Wattmon has built-in features for battery monitoring, and with a few configuration settings you can keep track of a battery bank with voltages ranging from 12V DC to over 300V DC. For low voltages below 60V DC (a 48V battery bank) Wattmon can be directly connected to the batteries via the cable provided, and voltages will be measured from the same cable. For higher voltages an additional power adapter is required.
How does it work?
There are various ways of determining the remaining capacity in a battery. One of these ways is called Coulomb Counting. Another uses voltage to determine the remaining energy. A third method will actually check the specific gravity of the battery liquid to determine the state of charge.
Wattmon monitors inbound and outbound current from the battery bank and uses the Coulomb Counting method. Current flowing through the sensors is read once a second and accumulated in registers. By configuring the total capacity of the battery, an accurate view of remaining energy is then calculated by subtracting and adding from this value.
A 100 Ah (Ampere hour) battery will be (theoretically) able to supply 10 Amperes for 10 hours (10 A/h * 10h = 100 Ah). If you take out 10 A for 1 hour, Wattmon will show your battery State of Charge (SoC) as 90%. If you then charge the battery at 10 Amps for 30 minutes, the battery will show 95% full (90 Ah + 5 Ah).
Wattmon lets you set the various parameters in the Control Panel. Wattmon will reset the battery status to full when the battery voltage is higher than the 'full voltage' threshold (adjustable) and the current drops below a specific value (adjustable) for a set period of minutes (adjustable). This flexible set of options ensures that most requirements can be easily met.
Different battery chemistries have different efficiencies. You can enter the charge efficiency if you desire to get even more accurate results. If you are using a lead acid chemistry, you can also enter the Peukert constant of your battery bank to get an accurate discharge profile for higher currents.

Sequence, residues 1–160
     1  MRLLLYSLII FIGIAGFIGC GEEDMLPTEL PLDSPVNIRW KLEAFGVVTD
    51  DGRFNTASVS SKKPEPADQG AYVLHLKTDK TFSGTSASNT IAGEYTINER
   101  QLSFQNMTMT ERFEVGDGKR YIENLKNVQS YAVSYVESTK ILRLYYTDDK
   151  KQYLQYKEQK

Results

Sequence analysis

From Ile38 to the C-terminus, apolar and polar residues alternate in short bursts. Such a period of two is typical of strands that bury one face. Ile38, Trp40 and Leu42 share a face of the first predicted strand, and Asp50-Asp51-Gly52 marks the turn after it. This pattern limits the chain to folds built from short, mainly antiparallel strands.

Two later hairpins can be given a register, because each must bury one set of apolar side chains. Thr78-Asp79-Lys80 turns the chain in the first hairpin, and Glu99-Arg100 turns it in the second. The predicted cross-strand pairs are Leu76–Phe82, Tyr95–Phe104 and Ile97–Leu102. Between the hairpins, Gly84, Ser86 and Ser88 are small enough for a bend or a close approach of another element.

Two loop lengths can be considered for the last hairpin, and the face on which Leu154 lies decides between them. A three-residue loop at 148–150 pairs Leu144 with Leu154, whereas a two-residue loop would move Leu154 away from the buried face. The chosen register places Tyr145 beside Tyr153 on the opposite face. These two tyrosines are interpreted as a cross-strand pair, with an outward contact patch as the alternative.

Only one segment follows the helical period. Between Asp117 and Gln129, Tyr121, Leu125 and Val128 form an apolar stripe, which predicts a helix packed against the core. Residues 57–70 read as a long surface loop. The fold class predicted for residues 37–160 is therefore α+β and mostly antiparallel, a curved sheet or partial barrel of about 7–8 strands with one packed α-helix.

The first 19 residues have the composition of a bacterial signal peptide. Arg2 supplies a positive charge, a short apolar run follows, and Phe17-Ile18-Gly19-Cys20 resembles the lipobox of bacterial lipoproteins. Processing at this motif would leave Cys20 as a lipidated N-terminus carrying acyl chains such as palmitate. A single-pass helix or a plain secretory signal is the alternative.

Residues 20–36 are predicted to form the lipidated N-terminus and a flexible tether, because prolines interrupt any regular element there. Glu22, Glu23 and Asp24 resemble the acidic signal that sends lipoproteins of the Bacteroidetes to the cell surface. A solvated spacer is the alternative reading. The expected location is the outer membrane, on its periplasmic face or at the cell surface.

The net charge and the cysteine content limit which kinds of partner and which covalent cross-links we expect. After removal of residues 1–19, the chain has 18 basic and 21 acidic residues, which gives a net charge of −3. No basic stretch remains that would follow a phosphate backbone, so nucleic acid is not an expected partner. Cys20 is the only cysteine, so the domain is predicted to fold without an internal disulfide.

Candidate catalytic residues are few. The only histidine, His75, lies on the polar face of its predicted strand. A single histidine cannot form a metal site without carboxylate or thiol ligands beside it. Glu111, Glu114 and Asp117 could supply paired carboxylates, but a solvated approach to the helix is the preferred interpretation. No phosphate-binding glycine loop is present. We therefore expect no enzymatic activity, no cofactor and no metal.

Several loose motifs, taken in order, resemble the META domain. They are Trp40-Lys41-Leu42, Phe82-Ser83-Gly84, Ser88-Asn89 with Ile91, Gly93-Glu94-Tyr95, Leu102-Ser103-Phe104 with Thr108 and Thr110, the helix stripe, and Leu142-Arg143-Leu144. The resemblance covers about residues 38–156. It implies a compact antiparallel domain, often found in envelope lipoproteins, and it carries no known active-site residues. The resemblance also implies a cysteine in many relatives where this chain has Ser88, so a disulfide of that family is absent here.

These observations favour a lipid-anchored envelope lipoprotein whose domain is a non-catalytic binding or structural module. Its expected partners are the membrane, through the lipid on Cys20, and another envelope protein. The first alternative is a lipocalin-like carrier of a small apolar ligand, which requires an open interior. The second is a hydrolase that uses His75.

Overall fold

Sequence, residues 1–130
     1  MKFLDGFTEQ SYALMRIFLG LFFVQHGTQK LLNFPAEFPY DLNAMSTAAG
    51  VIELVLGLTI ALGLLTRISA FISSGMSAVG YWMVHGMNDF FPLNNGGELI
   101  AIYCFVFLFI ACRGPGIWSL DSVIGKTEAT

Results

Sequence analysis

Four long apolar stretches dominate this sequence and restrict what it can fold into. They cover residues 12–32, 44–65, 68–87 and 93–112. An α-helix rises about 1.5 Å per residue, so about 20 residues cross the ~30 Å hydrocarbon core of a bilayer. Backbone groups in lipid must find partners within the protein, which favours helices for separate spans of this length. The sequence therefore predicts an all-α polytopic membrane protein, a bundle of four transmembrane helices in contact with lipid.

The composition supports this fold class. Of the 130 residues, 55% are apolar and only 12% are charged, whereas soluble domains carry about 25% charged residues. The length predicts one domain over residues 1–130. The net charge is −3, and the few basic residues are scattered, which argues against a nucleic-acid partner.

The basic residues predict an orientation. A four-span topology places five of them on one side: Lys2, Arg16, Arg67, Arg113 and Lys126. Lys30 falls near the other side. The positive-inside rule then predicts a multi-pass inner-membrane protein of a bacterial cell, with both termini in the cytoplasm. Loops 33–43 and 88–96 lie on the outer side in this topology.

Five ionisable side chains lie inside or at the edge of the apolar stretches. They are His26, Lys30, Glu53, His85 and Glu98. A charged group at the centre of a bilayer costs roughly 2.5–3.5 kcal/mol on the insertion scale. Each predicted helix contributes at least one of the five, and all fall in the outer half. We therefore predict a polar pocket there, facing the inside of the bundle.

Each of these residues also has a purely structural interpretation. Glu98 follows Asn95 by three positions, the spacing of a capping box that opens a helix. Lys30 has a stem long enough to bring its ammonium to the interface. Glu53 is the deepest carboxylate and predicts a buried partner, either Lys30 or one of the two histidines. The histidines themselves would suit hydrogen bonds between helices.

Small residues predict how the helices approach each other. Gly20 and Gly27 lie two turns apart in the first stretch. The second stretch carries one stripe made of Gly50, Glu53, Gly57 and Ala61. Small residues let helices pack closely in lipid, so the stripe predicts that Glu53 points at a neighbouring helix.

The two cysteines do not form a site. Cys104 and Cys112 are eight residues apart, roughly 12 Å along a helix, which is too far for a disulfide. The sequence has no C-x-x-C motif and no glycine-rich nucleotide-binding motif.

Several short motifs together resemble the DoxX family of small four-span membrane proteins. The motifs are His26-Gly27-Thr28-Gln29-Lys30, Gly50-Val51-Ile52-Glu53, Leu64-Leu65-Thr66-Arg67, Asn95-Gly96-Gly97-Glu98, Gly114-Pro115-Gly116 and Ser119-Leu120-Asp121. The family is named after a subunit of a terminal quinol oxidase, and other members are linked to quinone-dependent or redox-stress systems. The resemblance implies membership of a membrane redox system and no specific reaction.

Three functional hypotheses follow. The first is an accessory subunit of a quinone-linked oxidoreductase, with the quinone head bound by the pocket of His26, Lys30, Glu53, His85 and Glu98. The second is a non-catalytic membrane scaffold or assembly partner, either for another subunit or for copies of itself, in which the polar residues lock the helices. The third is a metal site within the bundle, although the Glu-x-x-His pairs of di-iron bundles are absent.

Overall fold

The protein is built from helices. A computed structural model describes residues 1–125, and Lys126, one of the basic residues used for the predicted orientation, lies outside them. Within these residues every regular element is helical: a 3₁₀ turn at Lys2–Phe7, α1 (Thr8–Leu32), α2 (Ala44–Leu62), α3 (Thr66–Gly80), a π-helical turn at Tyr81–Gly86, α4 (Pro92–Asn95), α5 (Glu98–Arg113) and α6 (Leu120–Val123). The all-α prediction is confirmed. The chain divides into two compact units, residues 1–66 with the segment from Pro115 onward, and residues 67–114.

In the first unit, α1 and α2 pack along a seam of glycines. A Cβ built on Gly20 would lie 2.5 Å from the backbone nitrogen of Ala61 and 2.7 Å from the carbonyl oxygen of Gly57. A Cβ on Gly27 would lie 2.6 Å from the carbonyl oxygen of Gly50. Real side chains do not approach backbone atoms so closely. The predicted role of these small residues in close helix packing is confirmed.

This method has in our experimental setups proven to be quite accurate. It is definitely more than sufficient to get a good overview of remaining energy.
The device will, based on the remaining energy and the average load over the last few minutes calculate the run time through a web interface from your PC or mobile.
There are many devices which claim to have an accuracy of below 1%. We claim no such thing! It is accurate when it comes to estimating the remaining capacity, however there are cases when it can be off by up to 5 or 10%. Lead acid chemistry is in general difficult to measure accurately. There are temperature differences and many other factors that will affect the state of charge of a battery.
In order to monitor a battery bank, you will require a WattmonPRO and a current sensor module. Depending on the current you need, this could be the C252 (25A), C502 (50A) or C752 (75A) or the C100s (100A) modules. The two sections below explain how to connect up the system to monitor different types of setup. Please note that if only one channel is required (for example when only using an inverter and no solar) the left channel of the current sensor module can be ignored.
Monitoring Battery Banks of Upto 48V DC
The following diagram shows the components required to monitor battery banks of up to 48V DC.
Diagram: Monitoring battery bank setups of up to 48V DC
Monitoring Battery Banks of Upto 330V DC
The following diagram shows the components required to monitor battery banks of up to 300V DC. This requires an additional AC to DC or DC/DC power adapter to power the WattmonPRO device.
Diagram: Monitoring high voltage battery banks (up to 330V)
The battery ground needs to be tied to the power adapter ground.
Tip: Using a switch mode power supply, you can connect the power adapter directly to the high voltage battery terminals.